Friday, May 24, 2019

History of music, issues of appropriation

Years ago we happened on a Dave Amram jazz concert outdoors at Toronto's Harbourfront. We stopped to watch. After some impressive presentations of, well, of jazz music, Amram declared, "Now we are going to play some of the classical music of North America."

What's American classical music?  A pause, and what erupted was a drumming circle, and "hi-yé" chanting, as if we had stumbled into a pow-wow.  It did not look as if any indigenous musicians were in the ensemble, or I don't recall any permission being cited. But hearing Indigenous music presented outside of any specifically First Nations cultural context, with absolute persuasiveness as Music, as the art form it undoubtedly is, was profoundly persuasive and memorable to me. I grasped in a way I never had that indigenous music is not only a sort of tribal flag to be waved. It's a serious musical form too. Shoulda known, no doubt, but it was precisely because it was out of context that it was so persuasive a proof.

It turns out, I now find, Amram had worked with Lakota, Cheyenne, and other Indigenous musicians -- notably Floyd Red Crow Westermann as this profile notes
Amram seems to have taken a lesson from practically everything -- even the inauthentic Philadelphia mariachi bands. "I understood that you couldn't just barge into another culture, but approach it in the same way as you do with Bach or Shakespeare," he says. "You spend a lifetime to understand and live it."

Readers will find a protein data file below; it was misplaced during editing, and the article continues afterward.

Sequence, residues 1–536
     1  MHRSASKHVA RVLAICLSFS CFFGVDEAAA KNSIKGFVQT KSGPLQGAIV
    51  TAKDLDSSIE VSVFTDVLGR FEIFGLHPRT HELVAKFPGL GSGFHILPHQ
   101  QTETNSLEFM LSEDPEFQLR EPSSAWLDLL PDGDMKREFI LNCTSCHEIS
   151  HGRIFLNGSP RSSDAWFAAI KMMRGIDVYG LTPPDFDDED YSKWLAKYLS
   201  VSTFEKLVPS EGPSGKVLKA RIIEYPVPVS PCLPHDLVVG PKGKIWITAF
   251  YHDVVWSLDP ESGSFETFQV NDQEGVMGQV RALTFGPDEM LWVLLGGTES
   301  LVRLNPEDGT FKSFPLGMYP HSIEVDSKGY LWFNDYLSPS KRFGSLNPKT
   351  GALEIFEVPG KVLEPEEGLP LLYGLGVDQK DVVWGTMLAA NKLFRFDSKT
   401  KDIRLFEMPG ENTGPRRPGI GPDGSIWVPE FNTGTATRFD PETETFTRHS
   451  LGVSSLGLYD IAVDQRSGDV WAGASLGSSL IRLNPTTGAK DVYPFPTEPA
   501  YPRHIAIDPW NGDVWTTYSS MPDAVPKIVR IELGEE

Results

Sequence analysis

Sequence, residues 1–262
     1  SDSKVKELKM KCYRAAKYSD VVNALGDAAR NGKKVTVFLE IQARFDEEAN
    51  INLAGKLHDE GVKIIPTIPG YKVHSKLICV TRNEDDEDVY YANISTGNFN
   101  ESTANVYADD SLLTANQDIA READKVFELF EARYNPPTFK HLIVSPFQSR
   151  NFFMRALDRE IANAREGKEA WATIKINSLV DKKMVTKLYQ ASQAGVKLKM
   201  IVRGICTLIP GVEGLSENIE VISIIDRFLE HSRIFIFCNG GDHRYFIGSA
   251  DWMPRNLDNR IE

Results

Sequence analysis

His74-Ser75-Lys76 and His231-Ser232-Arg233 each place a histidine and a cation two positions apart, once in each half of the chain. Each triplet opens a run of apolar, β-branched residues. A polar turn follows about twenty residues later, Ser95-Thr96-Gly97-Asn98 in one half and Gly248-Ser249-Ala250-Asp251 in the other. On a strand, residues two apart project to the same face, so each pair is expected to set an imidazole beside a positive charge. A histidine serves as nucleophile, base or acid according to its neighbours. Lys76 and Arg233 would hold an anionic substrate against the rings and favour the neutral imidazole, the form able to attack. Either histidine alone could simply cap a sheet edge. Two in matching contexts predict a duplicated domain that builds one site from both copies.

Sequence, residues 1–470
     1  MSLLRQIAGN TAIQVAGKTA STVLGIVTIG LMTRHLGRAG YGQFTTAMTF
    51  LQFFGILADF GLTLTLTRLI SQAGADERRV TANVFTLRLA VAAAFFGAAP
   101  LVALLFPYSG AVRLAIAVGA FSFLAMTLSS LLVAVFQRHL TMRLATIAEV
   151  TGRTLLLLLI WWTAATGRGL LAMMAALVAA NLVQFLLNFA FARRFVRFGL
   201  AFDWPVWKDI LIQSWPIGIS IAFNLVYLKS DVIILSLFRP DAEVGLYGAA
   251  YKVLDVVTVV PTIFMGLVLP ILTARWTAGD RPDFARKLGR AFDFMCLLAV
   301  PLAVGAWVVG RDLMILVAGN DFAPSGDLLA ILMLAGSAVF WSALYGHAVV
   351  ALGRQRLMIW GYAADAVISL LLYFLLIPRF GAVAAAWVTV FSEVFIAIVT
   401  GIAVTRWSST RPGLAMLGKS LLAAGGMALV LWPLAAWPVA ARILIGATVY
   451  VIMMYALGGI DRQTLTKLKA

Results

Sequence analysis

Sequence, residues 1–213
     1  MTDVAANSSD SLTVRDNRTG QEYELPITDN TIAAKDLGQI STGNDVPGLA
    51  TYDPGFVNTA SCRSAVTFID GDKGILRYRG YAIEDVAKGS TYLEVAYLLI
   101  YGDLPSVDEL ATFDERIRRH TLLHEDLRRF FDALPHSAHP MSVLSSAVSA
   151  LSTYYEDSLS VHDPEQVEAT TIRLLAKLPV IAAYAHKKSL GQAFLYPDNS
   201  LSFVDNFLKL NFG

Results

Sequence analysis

That's his approach toward Native American music. He learned from the late Floyd "Red Crow" Westerman, a Sioux musician and activist. "I remember I was practicing a song and trying to get it right, and Floyd said, 'It takes 12 years to learn a song,' " says Amram. "Every idiom you learn is a lifetime of study."
Which brings us to last week's Indigenous Arts Awards, which was boycotted by several Indigenous artists over a charge of appropriation brought by Inuit musicians against the Cree singer Cikwes, who included Inuit throat singing in her recent album.

I've heard enough throat singing to know it is a unique and legitimate musical form. I like the idea that it could make its way out in the world and that both its origins and its intrinsic merit would be widely acknowledged.  But there are the power issues here. If an Inuit artist picks up a guitar or an African singer takes up opera, no one feels cause to be offended. But a marginalized, disempowered culture that sees one of the few things not already stolen from it being appropriated -- no wonder it finds itself violated.  (Make your own analogy to pipeline construction)

Sometimes it's better to seek forgiveness than permission, goes the saying.  But sometimes it's better to make sure about the permission first.  Somewhere in here, Greg Younging's rules apply.

Nunutsiak News reports two Inuit songwriters won awards at the IMA -- and the comments section takes up the controversy in true comments-section style.

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